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The biography of a man who changed the way the world thought about computers, changed them from industrial devices to an indispensable part of our lives, Walter Isaacson's account of Jobs's life is hallucinatory in parts, and illuminating in others.

Having been a Steve Jobs fanboy (but not Apple's, since I'm Indian and cheap), large parts of the biography appear heard about to me. Isaacson draws upon large volumes of material from Jobs's legendary MacWorld presentations, and stories from inside Apple have been on the website for years. A reading of the book actually turned into a multimedia experience for me, turning back to Youtube to watch videos of Jobs, saying this or that mentioned in the book.

There are two other parts of the books Isaacson succeeds in, and phenomenally. Jobs the family man, a person you end up hating for his abandoning and saturnine nature, and Jobs the maniac- who is easy to idolise and follow. In the beginning of the book, you're watching a movie in your mind in Eastman Color, as a young man comes of age in a time that saw creativity flower in the western world. By the middle, you are the fly on the wall, witnessing a personality coming together, even as it abandons the but-natural good habits one is 'supposed to have'. It leads to a shattering of your beliefs about Steve Jobs and his Shaman like abilities. You get to know the pains he must bear, the brilliance of people like Jony Ives and the team at Pixar. They become the real heroes, while Steve shepherds them along, making the right choices (in retrospect).

This is where the books blooms into a thousand rainbows. While reducing Steve to a human being, Isaacson, with his dispassionate reporting, introduces facets and nuances that get your goat. How does one co-relate a man with an eating disorder for life create not one but two unimaginably successful companies? Isaacson puts it in a spread for you.

Most reviews of the book talk about what Steve said about him or her, or this or that. What these reviews acutely miss is the layer by layer unraveling. This is where the beauty of the book is. And that is why you must read it. Not because its about Steve Jobs, and everything Apple has to be good. It is a phenomenal account of a Legend's life. That's why.

And one more thing. The book reveals Steve's history with his real sister, and his abandoned daughter. One of these has been novelised. But both must be immortalised on screen.

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Steve Jobs: The Exclusive Biography

(Hardcover) by Walter Isaacson
 912 Ratings  |  200 Reviews
Publisher: Little Brown (2011)
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Book Summary of Steve Jobs: The Exclusive Biography

'Steve Jobs: The Exclusive Biography' was one of the most eagerly awaited books of the year 2011. The book is a journey into the life of a legend who revolutionized the way people saw technology. Walter Issacson brings to life, the innovator, the dreamer and the devil within Steve Jobs. An absolutely must read!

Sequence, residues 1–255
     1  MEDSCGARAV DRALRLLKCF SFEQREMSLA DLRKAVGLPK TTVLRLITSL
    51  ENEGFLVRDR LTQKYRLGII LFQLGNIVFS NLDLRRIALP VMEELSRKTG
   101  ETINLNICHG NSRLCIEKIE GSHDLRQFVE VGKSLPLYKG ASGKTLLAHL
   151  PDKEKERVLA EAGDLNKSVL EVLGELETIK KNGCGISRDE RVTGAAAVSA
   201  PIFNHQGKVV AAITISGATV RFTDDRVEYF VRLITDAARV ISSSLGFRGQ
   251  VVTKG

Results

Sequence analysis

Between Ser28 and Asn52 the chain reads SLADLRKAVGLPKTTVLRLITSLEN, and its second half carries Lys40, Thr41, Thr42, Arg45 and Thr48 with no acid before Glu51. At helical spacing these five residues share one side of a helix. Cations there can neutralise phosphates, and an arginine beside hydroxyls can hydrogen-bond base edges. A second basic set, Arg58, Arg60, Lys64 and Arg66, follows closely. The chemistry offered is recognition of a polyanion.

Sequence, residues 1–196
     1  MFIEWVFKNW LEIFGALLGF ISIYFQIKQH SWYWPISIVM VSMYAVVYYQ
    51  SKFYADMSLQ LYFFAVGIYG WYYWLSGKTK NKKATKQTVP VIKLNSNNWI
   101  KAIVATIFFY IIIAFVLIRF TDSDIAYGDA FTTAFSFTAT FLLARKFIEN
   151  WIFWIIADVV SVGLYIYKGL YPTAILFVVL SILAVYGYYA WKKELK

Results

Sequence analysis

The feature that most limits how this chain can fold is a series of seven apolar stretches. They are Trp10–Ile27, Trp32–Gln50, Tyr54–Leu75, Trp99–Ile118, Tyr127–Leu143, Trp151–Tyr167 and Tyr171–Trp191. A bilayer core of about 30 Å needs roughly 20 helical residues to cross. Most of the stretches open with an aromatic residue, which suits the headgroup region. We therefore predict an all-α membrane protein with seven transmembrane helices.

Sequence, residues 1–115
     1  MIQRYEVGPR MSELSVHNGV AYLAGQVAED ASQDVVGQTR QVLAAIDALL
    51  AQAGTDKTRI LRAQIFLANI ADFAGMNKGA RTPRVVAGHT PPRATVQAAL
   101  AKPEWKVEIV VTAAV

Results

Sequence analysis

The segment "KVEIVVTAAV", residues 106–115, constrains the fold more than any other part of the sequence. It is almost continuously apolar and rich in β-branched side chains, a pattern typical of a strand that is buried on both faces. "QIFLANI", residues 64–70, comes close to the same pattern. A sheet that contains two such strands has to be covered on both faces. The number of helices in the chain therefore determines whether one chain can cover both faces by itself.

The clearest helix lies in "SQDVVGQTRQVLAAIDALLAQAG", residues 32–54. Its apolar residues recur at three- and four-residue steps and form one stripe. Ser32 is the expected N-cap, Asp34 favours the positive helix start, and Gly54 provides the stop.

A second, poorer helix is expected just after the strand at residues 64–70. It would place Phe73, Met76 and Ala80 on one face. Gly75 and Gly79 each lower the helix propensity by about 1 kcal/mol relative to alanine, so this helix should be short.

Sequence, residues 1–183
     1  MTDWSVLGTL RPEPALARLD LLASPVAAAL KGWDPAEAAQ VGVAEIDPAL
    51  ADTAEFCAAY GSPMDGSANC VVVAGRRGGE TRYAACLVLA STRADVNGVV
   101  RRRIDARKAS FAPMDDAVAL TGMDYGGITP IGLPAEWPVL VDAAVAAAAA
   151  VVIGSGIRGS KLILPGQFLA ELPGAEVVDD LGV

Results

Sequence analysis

During the summer of 2004, Walter Isaacson got a phone call from Steve Jobs. It so turned out that Jobs wanted Isaacson to write a biography of him. This amazing book takes you on a rollercoaster ride into the ferociously intense personality of a passionate and creative entrepreneur whose powerful drive and vision revolutionized six industries: music, personal computers, phones, animated movies, digital publishing and tablet computing.

Steve Jobs also re-imagined and tried to revamp retail stores, but it did not turn out to be as revolutionary. Instead, he paved the way for an entirely new market for app based digital content. This is a book that's mainly about innovation. Steve Jobs stands tall as the sole icon of imagination, sustained innovation and inventiveness. His vision was very clear; if you want to create value in the industry, connect technology with creativity. A company called Apple was built on this vision, which changed the entire face of technology with its imagination blended with remarkable feats of engineering.

Steve Jobs asked for no right to read it before it was published and had no control over what was being written before it was published. He also encouraged people to speak honestly. In the book Jobs sometimes speaks brutally and candidly about the people he worked along with and also his competitors.

His friends, colleagues and foes offer an unparalleled view of the perfectionism, passion, artistry, obsessions, compulsions and devilry that shaped his approach to the innovative products and business that resulted.

Often driven by his demons, Jobs could make those around him lurch in despair and fury. His products and personality were interrelated and his life was cautionary and instructive at the same time. A must read!

About The Author
Walter Issacson is a biographer and a writer. He is also the director of Aspen Institute and has been the Managing Editor of TIME. Issacson has previously written the biographies of Henry Kissinger and Albert Einstein.

Other Popular Walter Issacson Books
Kissinger: A Biography (1992)
Benjamin Franklin: An American Life (2003)
Einstein: His Life and Universe (2007)
American Sketches (2009)

Walter Issacson is a graduate in literature from Harvard and a Rhodes Scholar from the University of Oxford. He began his career in journalism at The Sunday Times in London.

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